stones-into-schools
By James Turitto Editor-in-Chief February 15, 2010

Greg Mortenson, Stones into Schools (New York: Viking, 2009)

Greg Mortenson, Stones into Schools (New York: Viking, 2009)

After eight long years in Afghanistan, the success of the United States’ war and reconstruction efforts is subject to much debate. Most accounts are highly pessimistic. Large swaths of the countryside remain ungoverned and uncontrolled. The Taliban, who were quickly defeated in the fall of 2001 and subsequently fled to the northwest regions of Pakistan, have been resurgent in recent years. Since 2005, the Taliban has returned to Afghanistan to make territorial gains, replacing local governments and traditional ruling authorities and challenging the central government in Kabul.

Despite Afghanistan’s grim outlook, Greg Mortenson, in his most recent book Stones into Schools, offers the hope of a promising future for the country. Mortenson, the author of the New York Times bestseller Three Cups of Tea and director of the Central Asia Institute (CAI), first traveled to South Asia in 1993 in a failed attempt to hike K2, the second highest peak in the world. Delusional from altitude sickness on his return to base camp, Mortenson got lost and stumbled into a small village in rural Pakistan. Befriending the local leader, Mortenson helped the village build a school that would provide education to hundreds of young women. Sixteen years later his organization has established more than 130 schools, educating nearly 60,000 students in Afghanistan and Pakistan.

Whereas Three Cups of Tea tells the story of Mortenson’s early adventures in Pakistan, Stones into Schools focuses more on Afghanistan, particularly in the period following the U.S. invasion. At times, it spills into the world of politics, something his previous book did not do. Mortenson criticizes the Afghan government for its limited interest in bringing education to rural areas. For the first few years of Mortensen’s work, he operated inside the country without proper documentation. Upon visits to Kabul, government officials told CAI to start building schools in the capital, alleging that the last thing Afghans in remote corners of the country want are schools. Mortenson found the contrary to be true; the most important thing that Afghans in these areas cherish is education. They want schools for their children.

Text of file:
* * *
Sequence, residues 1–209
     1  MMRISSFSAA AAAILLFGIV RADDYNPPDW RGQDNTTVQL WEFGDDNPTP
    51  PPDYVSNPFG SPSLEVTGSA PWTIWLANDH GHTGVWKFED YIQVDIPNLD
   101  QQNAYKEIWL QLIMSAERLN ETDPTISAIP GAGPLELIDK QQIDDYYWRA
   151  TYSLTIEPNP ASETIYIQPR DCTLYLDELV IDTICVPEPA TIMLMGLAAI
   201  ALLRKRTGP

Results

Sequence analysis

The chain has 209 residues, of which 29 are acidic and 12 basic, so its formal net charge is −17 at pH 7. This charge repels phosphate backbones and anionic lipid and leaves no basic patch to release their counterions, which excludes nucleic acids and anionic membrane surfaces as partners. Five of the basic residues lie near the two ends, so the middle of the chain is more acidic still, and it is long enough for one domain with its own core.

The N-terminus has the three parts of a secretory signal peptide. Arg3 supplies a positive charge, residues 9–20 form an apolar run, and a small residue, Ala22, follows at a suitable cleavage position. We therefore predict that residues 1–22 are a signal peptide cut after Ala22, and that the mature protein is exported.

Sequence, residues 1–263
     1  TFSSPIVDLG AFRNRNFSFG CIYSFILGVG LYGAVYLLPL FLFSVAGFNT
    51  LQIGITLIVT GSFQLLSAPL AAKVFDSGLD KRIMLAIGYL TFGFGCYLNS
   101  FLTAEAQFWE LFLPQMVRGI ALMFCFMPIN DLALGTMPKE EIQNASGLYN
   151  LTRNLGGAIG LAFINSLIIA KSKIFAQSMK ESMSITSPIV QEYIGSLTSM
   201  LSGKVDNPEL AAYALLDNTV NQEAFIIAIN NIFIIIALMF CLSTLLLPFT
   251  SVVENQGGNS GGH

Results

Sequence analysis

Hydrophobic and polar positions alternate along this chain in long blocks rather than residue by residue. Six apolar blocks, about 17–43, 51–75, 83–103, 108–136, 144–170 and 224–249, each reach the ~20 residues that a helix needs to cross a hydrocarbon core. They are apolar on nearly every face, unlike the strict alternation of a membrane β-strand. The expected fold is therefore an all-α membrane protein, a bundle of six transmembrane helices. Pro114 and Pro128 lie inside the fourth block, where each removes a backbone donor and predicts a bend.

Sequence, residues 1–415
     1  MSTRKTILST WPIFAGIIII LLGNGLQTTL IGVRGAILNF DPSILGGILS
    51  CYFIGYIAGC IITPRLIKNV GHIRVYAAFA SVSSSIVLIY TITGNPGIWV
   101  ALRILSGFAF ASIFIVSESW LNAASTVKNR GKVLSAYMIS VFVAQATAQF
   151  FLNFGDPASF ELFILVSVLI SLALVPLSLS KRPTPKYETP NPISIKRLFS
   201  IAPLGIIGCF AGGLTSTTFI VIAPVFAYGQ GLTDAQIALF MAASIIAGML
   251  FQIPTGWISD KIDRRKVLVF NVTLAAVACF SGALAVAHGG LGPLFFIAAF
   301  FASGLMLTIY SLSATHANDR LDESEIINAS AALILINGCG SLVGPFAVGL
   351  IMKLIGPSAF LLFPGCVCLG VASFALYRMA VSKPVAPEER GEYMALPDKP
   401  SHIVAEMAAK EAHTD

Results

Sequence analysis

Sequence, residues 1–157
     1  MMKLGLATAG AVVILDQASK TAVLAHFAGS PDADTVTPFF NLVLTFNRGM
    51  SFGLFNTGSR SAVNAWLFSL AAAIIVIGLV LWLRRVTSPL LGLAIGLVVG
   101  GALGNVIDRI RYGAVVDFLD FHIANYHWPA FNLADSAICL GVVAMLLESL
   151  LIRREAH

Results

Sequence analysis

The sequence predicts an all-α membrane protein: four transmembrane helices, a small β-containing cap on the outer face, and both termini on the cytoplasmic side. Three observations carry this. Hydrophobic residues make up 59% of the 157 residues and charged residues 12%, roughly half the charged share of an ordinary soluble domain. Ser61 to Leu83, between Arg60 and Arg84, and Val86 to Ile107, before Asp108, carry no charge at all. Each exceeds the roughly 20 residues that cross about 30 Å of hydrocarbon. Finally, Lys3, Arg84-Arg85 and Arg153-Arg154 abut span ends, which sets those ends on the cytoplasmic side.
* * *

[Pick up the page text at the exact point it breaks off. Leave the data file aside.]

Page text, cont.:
This book has several lessons to teach its readers, who, like those of Three Cups of Tea, will range in diversity from women’s book groups in towns across America to American soldiers deployed around the world. Through Mortenson’s adventures, one can find the typical scenes of Afghanistan that are portrayed in the media – endemic corruption, war, poverty, and illiteracy. One can also find the stories of former mujahedeen fighters – people who took up arms to fight the Soviets in the 1980s and were active in the Afghan civil war of the early 1990s. Some are even former Taliban members. Hardened by years of war, and distaste for the Taliban’s repressive rule, they put away their weapons and returned home to help rebuild their communities.

Given the overwhelming attention, support, and money Three Cups of Tea received, its sequel was a foregone conclusion. Since 2006, Mortenson has traveled tirelessly around the United States giving speeches and raising money for CAI’s schools. No doubt it has expanded CAI’s work building schools – a good thing – but it has also turned Mortenson into a celebrity-like figure, something he also laments. In 2008, he met with Pakistan’s then President Pervez Musharraf to receive notification that he would be awarded the Sitara-e-Pakistan, Pakistan’s highest civilian award. The meeting was a poor decision, he admits, because it distracted him from a promise he had been holding for 10 years: to build a school 14,000 feet above sea level in one of the most remote corners of the world.

Stones into Schools tells a powerful story; one that should be read by anyone trying to understand the challenges this region of the world faces. As the United States enters its 9th year in Afghanistan, U.S. policymakers are looking for a way out. Building schools and providing education is not a short-term solution, nor is it the only solution. But in order to ensure that Afghanistan becomes a peaceful, self-sustaining country, U.S. policymakers must adopt policies that express a long-term commitment to education in Afghanistan, as well as Pakistan.